- Author David Livingston
They mentioned this book during the Boat Race coverage this year, and I knew I wanted to read it. How often do two brothers race on opposite sides of the river, and finish just one foot apart? Well, the brothers thing hadn’t happened for 100 years before the events in the book, so that tells us something.
The writing here is not magnificent. It’s not detailed or flowing, but it doesn’t have to be. That’s not what they’re writing it for. What we learn from reading the book is just how much incredible effort goes in to preparing for the Boat Race and how much it really means for everyone involved. You get a sense of that from watching it on TV, or maybe even from seeing it in person, but to hear it from the horse’s mouth (so to speak) is amazing.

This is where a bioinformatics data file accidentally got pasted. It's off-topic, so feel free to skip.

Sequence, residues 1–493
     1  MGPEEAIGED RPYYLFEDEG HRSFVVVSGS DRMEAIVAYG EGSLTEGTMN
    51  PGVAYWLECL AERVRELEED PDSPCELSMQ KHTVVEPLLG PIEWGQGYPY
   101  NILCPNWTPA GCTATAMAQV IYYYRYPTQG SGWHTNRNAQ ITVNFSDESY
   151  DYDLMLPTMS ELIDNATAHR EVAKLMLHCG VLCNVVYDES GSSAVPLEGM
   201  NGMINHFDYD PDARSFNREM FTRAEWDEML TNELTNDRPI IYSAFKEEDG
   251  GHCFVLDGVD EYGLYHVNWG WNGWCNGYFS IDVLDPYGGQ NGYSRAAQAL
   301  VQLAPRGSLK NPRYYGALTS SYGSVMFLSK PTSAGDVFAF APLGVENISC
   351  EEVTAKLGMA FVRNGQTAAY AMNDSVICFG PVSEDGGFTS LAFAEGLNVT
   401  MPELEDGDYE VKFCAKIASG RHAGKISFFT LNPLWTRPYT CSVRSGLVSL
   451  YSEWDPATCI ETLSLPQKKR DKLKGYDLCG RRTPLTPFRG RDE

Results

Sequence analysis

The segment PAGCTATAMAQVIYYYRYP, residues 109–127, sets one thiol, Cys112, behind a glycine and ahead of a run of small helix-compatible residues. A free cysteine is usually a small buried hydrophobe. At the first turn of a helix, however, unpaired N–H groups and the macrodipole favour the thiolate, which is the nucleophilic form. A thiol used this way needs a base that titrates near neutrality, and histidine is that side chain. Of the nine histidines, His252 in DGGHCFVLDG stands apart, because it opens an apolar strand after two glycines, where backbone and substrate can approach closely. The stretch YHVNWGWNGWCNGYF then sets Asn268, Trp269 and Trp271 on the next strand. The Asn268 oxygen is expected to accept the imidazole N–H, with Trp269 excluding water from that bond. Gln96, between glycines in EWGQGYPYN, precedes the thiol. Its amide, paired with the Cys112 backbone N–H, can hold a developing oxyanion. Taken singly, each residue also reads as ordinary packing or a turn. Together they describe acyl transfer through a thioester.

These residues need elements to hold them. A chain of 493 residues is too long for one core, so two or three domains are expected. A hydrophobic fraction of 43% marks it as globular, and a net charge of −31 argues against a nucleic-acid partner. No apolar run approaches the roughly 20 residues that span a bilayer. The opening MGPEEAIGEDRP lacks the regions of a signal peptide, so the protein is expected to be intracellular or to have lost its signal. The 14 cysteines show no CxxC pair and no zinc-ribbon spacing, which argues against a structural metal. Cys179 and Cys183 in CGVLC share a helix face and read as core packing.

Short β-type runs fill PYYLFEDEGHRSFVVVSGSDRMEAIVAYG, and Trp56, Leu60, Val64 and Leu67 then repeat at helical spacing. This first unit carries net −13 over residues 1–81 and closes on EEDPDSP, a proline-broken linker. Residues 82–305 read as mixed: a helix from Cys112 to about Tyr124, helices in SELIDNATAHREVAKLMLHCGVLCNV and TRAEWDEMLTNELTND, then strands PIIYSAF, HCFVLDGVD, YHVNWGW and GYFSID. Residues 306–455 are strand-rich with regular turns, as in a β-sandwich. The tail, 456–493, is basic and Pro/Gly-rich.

They train all the time, at the expense of their studies, their relationships, even their own health. The state they are in once they climb out of the boat at the end of the race, needing oxygen and being loaded into the back of ambulances, is a testament to how hard they push themselves.
Add on top of that the pressure of competing against your brother, of having to see him as the enemy. Well, it’s quite an emotional book. If I have one complaint, it is that I would have liked to read more of the aftermath, how they managed to rebuild their relationship. Perhaps that is too personal to share, I don’t know. If you’re not a fan of the Boat Race, don’t read this book. It’s all about rowing, obviously, and by the end it was starting to get a bit repetitive (as I’m sure it was in real life). However, if you are a fan, you must read it. It gives such insight that I don’t think you could get without rowing the race yourself.